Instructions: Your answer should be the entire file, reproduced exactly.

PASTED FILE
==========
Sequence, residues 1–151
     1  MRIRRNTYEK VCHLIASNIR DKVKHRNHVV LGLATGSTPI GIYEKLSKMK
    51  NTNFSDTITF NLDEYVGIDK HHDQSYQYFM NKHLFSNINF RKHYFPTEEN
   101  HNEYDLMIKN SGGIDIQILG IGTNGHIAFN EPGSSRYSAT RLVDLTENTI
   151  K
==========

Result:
Sequence, residues 1–151
     1  MRIRRNTYEK VCHLIASNIR DKVKHRNHVV LGLATGSTPI GIYEKLSKMK
    51  NTNFSDTITF NLDEYVGIDK HHDQSYQYFM NKHLFSNINF RKHYFPTEEN
   101  HNEYDLMIKN SGGIDIQILG IGTNGHIAFN EPGSSRYSAT RLVDLTENTI
   151  K